A Native of Atooi, Sandwich Islands
Sepia wash over pencil, 1778
Private Collection, Honolulu
Arago, J. Narrative of a Voyage Around the World. Amsterdam: N. Israel and New York: De Capo Press, 1971.
UHM Call Number: G 420 .F8 A7 1971
582 pages. Originally published in London with an extended title in 1823; Arago was draftsman to the de Freycinet expeditions in 1817, 1818, 1819, and 1820. In part II (p. 147), the author compares Hawaiian tattoo designs to those of the Carolines with an explanation of the technique used. Arago's illustrations show foreign influence of written language and animals.
Beaglehole, J. C. ed. The Journals of Captain James Cook on His Voyages of Discovery: The Voyage of the Resolution and Discovery 1776-1780, vol. III, part two. Woodbridge: Boydel Press and the Hakluyt Society, 1967.
UHM Call Number: G 420 .C62 C66 1999 v.3 pt.2
1647 pages. The narratives and original artwork from Cook's voyages are often cited as the best primary source materials on tattooing in Hawaiʻi prior to outside influences. The extensive index cites numerous page references on tattooing (p. 1597).
Choris, Louis. Voyage Pittoresque Autour du Monde, avec des Portraits de Sauvages d'Amérique, d'Asie, d'Afrique, et des îles du Grand Océan: des Paysages, des vues Maritimes, et plusiers objects d'Histoire Naturelle. Paris: Impr. de Firmin Didot, 1822.
UHM Call Number: HAWN RARE f G420 C55
149 pages; 103 color plates. Section II is a chapter titled Iles Sandwich, 24 pages with 19 color plates. Two of the plates are iconic images of Hawaiian tattoo: plate XII "Danse des hommes dans les iles Sandwich" and plate XIX "Interieur d'une maison d'un chef dans les Iles Sandwich." French text.
de Freycinet, Louis Claude de Saulses. "Hawaii in 1819: A Narrative Account by Louis Claude De Saulses De Freycinet". Ella L. Wiswell, trans. and Marion Kelly, ed. Honolulu: Bernice P. Bishop Museum, Pacific Anthropological Records no. 26, 1978.
UHM Call Number: GN4 P32 no. 26
136 pages. This English translation of de Freycinet's voyaging account covers chapters 27 & 28 from Voyage around the World Undertaken by Order of the King Performed on his Majesty's Corvettes L'Uranie and L'Physicienne in the Years 1817, 1819, and 1820. He discusses tattooing as a method of adornment (p. 62-63). Goats are mentioned in the descriptions of designs showing the evolution of motifs with animals introduced to the islands.
Ellis, William. Journal of William Ellis: Narrative of a Tour of Hawaii, or Owhyhee; with Remarks on the History, Traditions, Manners, Customs, and Language of the Inhabitants of the Sandwich Islands. Rutland, VT and Tokyo, Japan: Charles E. Tuttle Company, 1979.
UHM Call Number: DU 623 .E47 1979
363 pages. Originally published in England in 1825, this edition has introductions by Terence Barrow and Thurston Twigg-Smith. The author was an English missionary who wrote prolifically, documenting his observations in this and other journals. The index breaks down tattooing on the various parts of the body plus materials and techniques for easy reference to the eleven places it is mentioned in the journal.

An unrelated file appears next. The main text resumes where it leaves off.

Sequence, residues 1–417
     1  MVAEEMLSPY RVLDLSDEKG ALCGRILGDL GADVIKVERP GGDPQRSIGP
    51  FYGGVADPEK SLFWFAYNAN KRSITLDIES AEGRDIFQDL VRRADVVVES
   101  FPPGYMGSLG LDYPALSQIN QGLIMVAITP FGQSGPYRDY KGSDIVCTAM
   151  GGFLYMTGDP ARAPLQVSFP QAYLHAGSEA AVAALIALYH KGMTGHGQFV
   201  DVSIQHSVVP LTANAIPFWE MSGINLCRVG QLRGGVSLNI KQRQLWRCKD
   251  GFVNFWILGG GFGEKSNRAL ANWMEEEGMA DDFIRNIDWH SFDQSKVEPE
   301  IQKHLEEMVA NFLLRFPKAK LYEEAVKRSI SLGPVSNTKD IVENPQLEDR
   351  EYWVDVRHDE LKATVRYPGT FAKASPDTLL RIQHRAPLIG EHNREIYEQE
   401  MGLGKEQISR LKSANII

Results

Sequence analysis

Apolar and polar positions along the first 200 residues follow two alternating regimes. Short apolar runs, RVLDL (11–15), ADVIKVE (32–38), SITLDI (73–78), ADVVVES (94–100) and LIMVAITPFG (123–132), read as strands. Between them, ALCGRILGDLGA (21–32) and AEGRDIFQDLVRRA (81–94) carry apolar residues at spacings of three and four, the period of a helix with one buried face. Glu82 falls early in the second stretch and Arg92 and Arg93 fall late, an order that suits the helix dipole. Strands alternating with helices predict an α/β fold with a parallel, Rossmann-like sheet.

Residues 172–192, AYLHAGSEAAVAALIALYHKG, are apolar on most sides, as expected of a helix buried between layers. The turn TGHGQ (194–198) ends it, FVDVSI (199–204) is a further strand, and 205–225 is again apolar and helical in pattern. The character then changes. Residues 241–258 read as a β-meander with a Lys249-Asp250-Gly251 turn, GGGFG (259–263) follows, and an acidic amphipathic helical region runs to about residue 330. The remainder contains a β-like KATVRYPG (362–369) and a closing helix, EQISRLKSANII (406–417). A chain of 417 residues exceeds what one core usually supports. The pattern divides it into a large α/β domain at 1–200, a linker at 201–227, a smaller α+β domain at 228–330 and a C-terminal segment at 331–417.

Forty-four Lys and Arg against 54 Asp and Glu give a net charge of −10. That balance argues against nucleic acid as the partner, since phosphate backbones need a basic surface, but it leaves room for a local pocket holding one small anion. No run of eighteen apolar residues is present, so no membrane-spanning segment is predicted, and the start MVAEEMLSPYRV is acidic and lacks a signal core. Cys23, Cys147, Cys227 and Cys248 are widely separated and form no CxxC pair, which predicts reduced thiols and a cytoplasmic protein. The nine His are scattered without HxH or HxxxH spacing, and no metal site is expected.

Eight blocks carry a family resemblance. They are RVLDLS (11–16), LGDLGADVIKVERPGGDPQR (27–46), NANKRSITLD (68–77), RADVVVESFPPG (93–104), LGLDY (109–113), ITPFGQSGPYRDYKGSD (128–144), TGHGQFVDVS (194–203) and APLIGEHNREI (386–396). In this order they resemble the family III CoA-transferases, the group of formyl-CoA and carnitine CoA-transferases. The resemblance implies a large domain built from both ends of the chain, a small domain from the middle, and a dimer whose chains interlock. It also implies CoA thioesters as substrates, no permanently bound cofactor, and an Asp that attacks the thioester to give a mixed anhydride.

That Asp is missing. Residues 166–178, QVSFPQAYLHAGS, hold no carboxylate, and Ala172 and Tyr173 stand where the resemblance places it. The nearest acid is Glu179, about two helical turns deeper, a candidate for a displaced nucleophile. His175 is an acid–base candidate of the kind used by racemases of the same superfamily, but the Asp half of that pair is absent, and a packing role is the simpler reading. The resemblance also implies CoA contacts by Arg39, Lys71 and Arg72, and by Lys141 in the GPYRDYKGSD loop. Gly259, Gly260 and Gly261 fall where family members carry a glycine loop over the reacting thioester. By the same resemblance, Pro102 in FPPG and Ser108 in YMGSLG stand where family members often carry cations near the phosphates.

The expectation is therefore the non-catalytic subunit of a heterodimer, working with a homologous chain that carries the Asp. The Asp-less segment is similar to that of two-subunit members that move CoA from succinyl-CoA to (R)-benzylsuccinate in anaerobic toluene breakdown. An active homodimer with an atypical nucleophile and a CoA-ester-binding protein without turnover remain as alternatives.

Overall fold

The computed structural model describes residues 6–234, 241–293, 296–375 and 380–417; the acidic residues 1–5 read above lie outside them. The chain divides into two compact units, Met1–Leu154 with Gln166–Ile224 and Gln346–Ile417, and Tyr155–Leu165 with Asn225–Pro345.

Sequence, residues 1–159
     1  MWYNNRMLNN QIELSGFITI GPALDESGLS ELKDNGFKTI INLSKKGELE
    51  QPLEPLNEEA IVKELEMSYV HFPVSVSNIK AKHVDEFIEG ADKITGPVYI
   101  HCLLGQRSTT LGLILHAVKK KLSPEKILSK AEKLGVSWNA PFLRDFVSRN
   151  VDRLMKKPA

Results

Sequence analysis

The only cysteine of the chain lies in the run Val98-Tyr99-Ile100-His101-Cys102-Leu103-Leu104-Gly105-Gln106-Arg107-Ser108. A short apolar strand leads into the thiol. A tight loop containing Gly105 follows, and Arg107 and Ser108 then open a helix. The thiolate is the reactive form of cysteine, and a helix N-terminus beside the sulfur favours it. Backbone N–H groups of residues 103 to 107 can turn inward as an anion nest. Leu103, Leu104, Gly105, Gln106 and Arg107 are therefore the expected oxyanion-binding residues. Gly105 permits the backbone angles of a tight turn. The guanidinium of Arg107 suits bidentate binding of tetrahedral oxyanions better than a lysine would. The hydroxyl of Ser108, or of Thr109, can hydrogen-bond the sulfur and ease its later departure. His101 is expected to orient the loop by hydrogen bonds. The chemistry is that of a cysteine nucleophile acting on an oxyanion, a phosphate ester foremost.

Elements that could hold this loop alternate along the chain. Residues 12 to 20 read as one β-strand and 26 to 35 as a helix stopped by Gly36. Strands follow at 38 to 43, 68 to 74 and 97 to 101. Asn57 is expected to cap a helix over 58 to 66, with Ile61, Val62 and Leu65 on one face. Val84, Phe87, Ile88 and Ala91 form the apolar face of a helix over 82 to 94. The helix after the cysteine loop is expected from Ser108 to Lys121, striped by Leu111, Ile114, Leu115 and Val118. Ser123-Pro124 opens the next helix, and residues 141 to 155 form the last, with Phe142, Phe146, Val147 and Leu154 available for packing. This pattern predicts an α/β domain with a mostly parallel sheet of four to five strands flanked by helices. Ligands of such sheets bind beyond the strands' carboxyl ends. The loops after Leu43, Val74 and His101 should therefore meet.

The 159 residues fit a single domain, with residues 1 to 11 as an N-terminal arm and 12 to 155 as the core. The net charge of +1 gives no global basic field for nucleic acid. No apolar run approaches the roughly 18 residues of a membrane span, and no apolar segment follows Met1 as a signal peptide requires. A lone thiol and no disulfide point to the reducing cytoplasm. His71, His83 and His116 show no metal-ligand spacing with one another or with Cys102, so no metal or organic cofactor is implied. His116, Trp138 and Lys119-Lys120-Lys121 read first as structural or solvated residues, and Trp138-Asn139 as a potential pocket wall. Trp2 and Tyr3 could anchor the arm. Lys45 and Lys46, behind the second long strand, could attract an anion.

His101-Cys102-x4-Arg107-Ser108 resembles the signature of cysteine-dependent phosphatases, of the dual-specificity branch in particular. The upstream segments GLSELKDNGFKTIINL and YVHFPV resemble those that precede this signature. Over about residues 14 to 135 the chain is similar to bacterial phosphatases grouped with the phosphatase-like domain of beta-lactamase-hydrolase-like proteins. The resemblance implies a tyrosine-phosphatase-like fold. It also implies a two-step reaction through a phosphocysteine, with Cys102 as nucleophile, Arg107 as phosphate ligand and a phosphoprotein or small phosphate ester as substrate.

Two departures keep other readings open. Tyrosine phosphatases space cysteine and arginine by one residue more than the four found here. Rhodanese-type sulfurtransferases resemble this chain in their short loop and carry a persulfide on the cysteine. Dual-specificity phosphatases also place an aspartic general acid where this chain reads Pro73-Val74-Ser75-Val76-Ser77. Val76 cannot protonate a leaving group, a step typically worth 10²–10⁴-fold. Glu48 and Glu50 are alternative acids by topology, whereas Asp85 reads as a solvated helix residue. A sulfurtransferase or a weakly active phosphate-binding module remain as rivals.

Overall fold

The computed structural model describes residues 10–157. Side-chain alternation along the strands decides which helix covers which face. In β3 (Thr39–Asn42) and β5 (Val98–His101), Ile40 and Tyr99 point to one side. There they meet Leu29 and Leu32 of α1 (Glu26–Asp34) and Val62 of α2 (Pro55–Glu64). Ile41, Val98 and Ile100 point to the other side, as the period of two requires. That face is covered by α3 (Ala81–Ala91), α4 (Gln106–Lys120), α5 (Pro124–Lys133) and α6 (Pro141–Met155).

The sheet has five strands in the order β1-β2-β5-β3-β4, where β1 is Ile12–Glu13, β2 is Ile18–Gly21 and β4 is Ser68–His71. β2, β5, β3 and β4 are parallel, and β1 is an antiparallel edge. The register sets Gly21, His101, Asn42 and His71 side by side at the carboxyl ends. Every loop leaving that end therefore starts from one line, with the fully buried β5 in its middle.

Emory, Kenneth P. "Hawaiian Tattooing." Occasional Papers of Bernice P. Bishop Museum, v. 18, no. 17. Honolulu: Bernice P. Bishop Museum, 1946.
UHM Call Number: AM101 .B448 v.17-18
35 pages. This is one of the most important references on the subject of Hawaiian tattooing. Emory makes note of accounts made by the early European voyagers, first hand accounts of cultural authorities such as Mary Kawena Pukui, and his personal examination of tattooed mummies in burial caves. Drawings show tattoo designs on arms, legs and on the hands of women.
Ii, John Papa. Fragments of Hawaiian History. Translated by Mary Kawena Pukui, Edited by Dorothy B. Barrere. Special publication 70. Honolulu: Bishop Museum Press, Revised edition 1983.
UHM Call Number: DU 627 .I4 1983
202 pages. Ii is a nineteenth century authority on Hawaiian culture and history. In reference to hula gourd drums (p. 137), he states: "The left hand of each performer was beautifully tattooed because that was the hand that held the cord attached to the drum through a hole." Tattoo is also mentioned briefly (p. 9) in reference to tattoos on the back of chief Kiwalao.
Malo, David. Hawaiian Antiquities: Moolelo Hawaii. 2nd ed. Translated by Dr. Nathaniel B. Emerson. Special Publication 2. Honolulu: Bishop Museum Press, 1951.
UHM Call Number: DU625 .M25 1987
178 pages. This is one of few authoritative texts on Hawaiian history by a 19th century Hawaiian scholar. The author was noted for his memory. This source is repeatedly cited for its information on "kauwa" or the slave caste and associated tattooing customs (p. 70-72).
Reference Number: A-264-045
A bearded and tattooed young man, seated in a Windsor chair, probably aboard the Resolution off the coast of Waimea, Kauai Island, Hawaii. He is in profile, his left side facing the viewer and untattooed, but with elaborate tattooing along the full length of his left arm. His hair-style shows a roll of hair along the top of his head, with short hair on the side.
[Image and caption courtesy of the Alexander Turnbull Library, New Zealand (http://mp.natlib.govt.nz/detail/?id=27548&l=en)]